Commit bc5ca2de authored by Andreas Henriksson's avatar Andreas Henriksson

UNTESTED: Use sulogin --force when locking root account

Some users have found the new behaviour really surprising and
unconvenient, since we switched from using the src:sysvinit to
using the src:util-linux sulogin implementation.

The src:sysvinit implementation used to have a patch that allowed
passwordless root shell when the root account was locked.
The src:util-linux had no such functionality initially, but then
later added it under the --force flag which needs to be passed
Since systemd 240 there's now a simple way to enable passing the
flag if desired.

This commit restores the previous Debian behaviour for new installs
which disables the root account. Since debian by default doesn't
have a locked down secure boot, it's trivial to just pass
init=/bin/bash on the kernel command line in the bootloader.
Someone might however want to manually secure and lock down their system
so by using the overrides hopefully it should be discoverable enough
(via systemd-delta) while also making it possible to avoid sulogin
using --force if desired.

See comments committed in the code for more verbose explanation.


TODO: maybe db_input passwd/sulogin-force should only be run if
db_get passwd/root-locked is TRUE? The question mostly exists
to make it possible for people to disable via preseeding though.
parent 916a36a0
......@@ -30,6 +30,23 @@ _Description: Allow login as root?
If you choose not to allow root to log in, then a user account will be
created and given the power to become root using the 'sudo' command.
Template: passwd/sulogin-force
Type: boolean
Default: true
# :sl1:
_Description: Use force with sulogin?
If the system ever needs to do a single-user login (e.g. in recovery
or emergency boot situations), using force will allow you to log in
as root even though the root account is locked. Without force sulogin
would not allow you to login and recover the system, so you would need
to use another method to do so (e.g. boot the system with init=/bin/bash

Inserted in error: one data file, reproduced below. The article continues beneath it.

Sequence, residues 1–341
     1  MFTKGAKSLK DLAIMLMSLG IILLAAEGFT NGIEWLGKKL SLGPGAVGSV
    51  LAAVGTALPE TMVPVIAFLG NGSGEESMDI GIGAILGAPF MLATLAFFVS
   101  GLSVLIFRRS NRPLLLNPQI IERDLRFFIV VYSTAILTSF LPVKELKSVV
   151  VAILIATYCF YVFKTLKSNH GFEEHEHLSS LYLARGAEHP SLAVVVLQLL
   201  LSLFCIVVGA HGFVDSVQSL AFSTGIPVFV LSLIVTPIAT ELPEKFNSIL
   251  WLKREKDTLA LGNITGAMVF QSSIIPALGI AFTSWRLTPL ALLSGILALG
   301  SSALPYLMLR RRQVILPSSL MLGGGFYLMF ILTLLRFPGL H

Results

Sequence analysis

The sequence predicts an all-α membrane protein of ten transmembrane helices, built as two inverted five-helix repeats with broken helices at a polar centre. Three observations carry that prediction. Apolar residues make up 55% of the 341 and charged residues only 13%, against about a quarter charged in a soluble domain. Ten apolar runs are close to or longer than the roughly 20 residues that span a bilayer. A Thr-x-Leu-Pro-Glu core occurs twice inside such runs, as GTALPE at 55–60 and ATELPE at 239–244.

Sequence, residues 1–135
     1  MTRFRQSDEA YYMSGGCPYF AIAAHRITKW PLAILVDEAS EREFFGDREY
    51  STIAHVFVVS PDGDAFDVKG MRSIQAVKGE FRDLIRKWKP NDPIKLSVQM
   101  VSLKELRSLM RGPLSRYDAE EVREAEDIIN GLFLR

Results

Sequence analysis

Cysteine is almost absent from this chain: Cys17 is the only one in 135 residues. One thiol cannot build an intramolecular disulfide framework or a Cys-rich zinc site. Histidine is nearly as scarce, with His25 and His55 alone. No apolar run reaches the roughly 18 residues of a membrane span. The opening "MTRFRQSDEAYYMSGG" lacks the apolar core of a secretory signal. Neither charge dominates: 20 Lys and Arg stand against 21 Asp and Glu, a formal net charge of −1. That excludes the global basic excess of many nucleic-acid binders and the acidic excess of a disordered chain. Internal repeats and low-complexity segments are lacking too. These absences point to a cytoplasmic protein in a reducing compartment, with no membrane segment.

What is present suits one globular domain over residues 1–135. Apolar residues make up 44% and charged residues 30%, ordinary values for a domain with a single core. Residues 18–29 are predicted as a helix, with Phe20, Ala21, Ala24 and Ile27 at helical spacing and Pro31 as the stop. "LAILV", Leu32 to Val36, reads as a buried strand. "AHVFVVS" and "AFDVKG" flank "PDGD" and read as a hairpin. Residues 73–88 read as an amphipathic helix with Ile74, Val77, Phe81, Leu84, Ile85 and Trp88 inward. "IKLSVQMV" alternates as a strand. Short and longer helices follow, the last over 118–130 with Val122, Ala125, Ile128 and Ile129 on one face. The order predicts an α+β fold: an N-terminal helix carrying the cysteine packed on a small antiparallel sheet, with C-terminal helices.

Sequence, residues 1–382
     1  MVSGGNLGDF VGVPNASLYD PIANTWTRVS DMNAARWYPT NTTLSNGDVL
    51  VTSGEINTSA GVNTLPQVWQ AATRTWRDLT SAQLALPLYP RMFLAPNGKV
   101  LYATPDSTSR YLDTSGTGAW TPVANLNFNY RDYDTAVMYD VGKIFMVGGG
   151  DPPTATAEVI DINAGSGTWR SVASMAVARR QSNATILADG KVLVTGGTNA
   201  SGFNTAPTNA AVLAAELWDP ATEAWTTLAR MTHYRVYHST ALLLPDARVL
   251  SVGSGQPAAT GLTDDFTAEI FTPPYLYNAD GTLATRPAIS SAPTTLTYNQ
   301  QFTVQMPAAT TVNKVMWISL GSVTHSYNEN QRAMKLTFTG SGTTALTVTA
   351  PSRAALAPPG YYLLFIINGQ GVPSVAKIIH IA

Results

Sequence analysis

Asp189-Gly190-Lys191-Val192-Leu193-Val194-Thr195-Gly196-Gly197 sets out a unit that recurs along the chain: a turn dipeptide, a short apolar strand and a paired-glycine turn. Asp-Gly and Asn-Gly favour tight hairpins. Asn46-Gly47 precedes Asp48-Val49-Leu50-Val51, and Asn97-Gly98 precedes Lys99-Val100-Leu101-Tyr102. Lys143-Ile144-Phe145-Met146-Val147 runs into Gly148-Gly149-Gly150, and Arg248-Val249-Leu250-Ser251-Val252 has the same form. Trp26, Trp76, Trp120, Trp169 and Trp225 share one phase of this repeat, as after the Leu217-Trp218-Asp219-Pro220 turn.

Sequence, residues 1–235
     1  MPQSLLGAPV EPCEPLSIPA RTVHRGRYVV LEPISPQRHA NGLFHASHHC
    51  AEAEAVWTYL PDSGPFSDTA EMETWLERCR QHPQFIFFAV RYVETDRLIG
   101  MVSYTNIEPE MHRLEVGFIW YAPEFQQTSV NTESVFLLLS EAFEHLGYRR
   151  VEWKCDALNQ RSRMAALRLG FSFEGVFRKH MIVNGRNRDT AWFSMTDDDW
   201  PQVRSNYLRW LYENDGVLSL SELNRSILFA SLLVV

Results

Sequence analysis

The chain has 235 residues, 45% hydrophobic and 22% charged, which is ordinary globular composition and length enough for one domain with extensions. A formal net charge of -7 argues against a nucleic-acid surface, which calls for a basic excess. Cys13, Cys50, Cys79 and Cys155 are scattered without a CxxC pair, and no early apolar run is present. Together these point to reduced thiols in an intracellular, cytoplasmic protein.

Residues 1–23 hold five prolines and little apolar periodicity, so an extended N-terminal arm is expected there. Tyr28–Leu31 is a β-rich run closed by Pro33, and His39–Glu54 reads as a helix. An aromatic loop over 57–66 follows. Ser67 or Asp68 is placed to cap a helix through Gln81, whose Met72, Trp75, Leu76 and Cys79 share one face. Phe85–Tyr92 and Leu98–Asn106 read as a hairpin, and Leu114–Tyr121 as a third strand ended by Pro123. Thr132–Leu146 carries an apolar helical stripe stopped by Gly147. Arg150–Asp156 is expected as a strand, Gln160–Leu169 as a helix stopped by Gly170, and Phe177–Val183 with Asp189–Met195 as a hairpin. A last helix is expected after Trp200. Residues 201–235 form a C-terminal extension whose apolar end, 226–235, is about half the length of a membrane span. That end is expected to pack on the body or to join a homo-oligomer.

on the kernel command line from the bootloader).
Disabling this option might be useful in an environment where you've
enabled secure boot and want the system to be locked down (and never hand
out passwordless root in any situation ever).
Note: the answer to this question will only be relevant if you chose
to disallow root logins (lock root account), otherwise it's ignored.
Template: passwd/root-password
Type: password
# :sl1:
......@@ -88,6 +88,30 @@ else
db_set passwd/root-password-again ''
# When root account is locked, allow passwordless root shell in recovery
# and emergency bootups. Otherwise there will be no way to sulogin.
# (The src:sysvinit sulogin debian used before had a patch which did
# this unconditionally. The patch was not carried over when debian
# switched to src:util-linux sulogin. Instead you explicitly need to
# pass --force if you want to allow passwordless root shell when the
# root account is locked.)
if root_is_locked && db_get passwd/sulogin-force && [ "$RET" = "true" ]; then
# See
# See
# See in systemd docs
# See also for sysvinit case.
mkdir -p "$ROOT/$(dirname $OVERRIDEFILE)"
db_get passwd/make-user
if [ "$RET" = true ] && ! is_system_user; then
if db_get passwd/user-password-crypted && [ "$RET" ]; then
......@@ -23,6 +23,8 @@ while :; do
db_input low passwd/shadow || true
# Ask if root should be allowed to login.
db_input medium passwd/root-login || true
# Ask if sulogin should use force
db_input medium passwd/sulogin-force || true
db_get passwd/root-login
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